Throughout history, chocolate has been considered a food (and beverage) of the Gods. Ancient Mesoamerican cultures such as the Aztecs and Mayans considered chocolate as one of the most precious resources to their cultures and civilizations. In fact, the Aztec Emperor Montezuma reportedly consumed over three gallons of a chocolate-based beverage each day to maintain and increase his libido! Today, chocolate is still a culinary delicacy, but cooking with chocolate still remains a mystery to some aspiring and at-home chefs. Here are a few valuable tips and techniques to help you use chocolate in the kitchen.
The First Commandment of Chocolate: Know Thy Chocolate
Dark chocolate, baker’s chocolate, morsels, what’s the difference? Not all chocolates are created equal, and as you might expect there are multiple different chocolates for a multitude of different uses. Of course, knowing the cacao content of each chocolate, common melting points, and common uses for each type of chocolate will enhance your knowledge of how to use each one in the kitchen. Here are some basic uses and compositions of commonly-used chocolate types:
- Milk Chocolate: Most often used for edible enjoyment and chocolate chip cookies. Contains only 10-20% cocoa and typically more than 12% milk solids. Very sweet. Often used to make production candy bars.
- Dark Chocolate: Encompasses a wide array of dark chocolate types depending on amount of cocoa vs. sugar in the chocolate. Little or no milk solids in chocolate mixture. Often classified as sweet, semi-sweet, bittersweet, or unsweetened.
- Sweet and Semi-Sweet Dark Chocolate: Similar cocoa compositions (often 35%-45% cocoa). Both types of chocolate are used interchangeably in recipes that require dark chocolate.
- Bittersweet Chocolate: Typically contains 65%-85% cocoa. Has less sugar than sweet types of chocolate, therefore has more intense chocolate flavors. Often the preferred choice for baking and kitchen use since sugar will most likely be added to baked goods.
- Unsweetened Chocolate: Contains almost 100% cocoa. Often only used in baking when chocolate flavors are desired but additional sugar content is not. Most cocoa powders are 100% cocoa.
- White Chocolate: Not considered chocolate in some countries. Uses cacao butter, sugar, milk, and vanilla to give creamy texture and flavor. Contains little or no cocoa solids.
Chocolate or Cocoa Powder: Which to Use?
While this question is largely dependent on the recipe, each ingredient (chocolate and cocoa powder) has different characteristics as we’ve mentioned above. Chocolate should be used sparingly in your recipes unless otherwise noted. Milk chocolate, for example, does not melt well by itself, but it’s an excellent choice for cookies. Darker chocolates, on the other hand, tend to melt well and can be used for dipping fruit, candies, or any other dessert-type foods. Cocoa powder is often the choice for use when baking as it has little or no sugar and has certain chemical properties which help baked goods rise.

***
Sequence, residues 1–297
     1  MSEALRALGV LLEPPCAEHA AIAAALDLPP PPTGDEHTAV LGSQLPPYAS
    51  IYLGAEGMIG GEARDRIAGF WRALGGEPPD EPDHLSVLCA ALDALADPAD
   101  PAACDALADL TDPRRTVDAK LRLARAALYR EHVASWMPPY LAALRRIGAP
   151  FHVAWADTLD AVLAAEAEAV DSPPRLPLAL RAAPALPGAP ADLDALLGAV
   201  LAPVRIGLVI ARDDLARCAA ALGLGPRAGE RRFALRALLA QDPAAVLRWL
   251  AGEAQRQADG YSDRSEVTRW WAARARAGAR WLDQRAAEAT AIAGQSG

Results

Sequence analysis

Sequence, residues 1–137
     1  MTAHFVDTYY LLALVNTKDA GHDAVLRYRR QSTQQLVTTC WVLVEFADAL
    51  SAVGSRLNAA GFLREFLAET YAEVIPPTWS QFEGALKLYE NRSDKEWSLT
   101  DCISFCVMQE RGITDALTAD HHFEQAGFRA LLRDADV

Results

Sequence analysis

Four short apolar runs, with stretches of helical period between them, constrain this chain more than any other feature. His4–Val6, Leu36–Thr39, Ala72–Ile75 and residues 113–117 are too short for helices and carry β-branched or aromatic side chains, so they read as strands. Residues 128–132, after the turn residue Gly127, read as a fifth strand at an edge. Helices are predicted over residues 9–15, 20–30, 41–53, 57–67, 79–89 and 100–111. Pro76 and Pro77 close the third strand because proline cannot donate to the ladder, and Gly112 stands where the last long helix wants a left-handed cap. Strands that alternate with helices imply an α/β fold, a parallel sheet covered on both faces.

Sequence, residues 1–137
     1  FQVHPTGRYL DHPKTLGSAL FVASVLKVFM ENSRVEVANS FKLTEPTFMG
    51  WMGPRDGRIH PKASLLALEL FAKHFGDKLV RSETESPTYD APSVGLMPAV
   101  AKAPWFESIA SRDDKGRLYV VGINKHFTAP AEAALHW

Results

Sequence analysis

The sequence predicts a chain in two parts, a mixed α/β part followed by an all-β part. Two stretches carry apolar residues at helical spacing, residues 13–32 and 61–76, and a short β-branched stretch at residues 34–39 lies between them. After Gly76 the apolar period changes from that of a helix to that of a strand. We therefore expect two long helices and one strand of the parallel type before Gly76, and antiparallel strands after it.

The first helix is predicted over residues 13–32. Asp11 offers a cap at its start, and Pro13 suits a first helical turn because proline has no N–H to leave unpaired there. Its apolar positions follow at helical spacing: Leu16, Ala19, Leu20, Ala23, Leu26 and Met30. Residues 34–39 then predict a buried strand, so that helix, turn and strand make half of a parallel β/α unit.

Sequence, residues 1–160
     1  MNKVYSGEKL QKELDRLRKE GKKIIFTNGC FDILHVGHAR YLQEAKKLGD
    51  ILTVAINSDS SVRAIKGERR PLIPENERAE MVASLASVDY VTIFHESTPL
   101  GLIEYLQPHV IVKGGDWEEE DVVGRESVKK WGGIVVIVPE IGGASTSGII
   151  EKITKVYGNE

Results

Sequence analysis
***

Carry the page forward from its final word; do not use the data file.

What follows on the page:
Chemical Cocoa: The Secret to Baking With Cocoa Powder
The chemical makeup of cocoa powder deserves some explanation of its own. Essentially, there are two preparations of cocoa powder: natural cocoa powder and Dutch-processed cocoa. While both go through similar processes, the difference between the two may surprise you. Natural cocoa is alkaline (basic) by nature and as a result works well with recipes requiring baking soda (also alkaline). On the other hand, Dutch-process cocoa is processed in such a way to remove its alkalinity and make the powder more neutral in both flavor and chemistry. Dutch-process cocoa powder tends to pair well with baking powder. In each instance, the leavening agent combined with the cocoa creates an enhanced leavening effect in baking leaving you with fluffier cakes and cookies out of the oven.
Learn to Cook with Chocolate
Perhaps the best way to get acquainted with using chocolate in your own kitchen is to learn from a professional; however, getting into a professional chef’s kitchen isn’t always the easiest task unless you’re his or her sous chef. Instead, consider signing up for and attending one of the Culinary Institute of Virginia’s Casual Gourmet cooking courses to learn how to cook fabulous desserts, entrees, and appetizers taught by a professional chef-instructor. Whether you’re already experienced in your home kitchen or you’re just getting the hang of cooking at home, there’s something to learn from Casual Gourmet.
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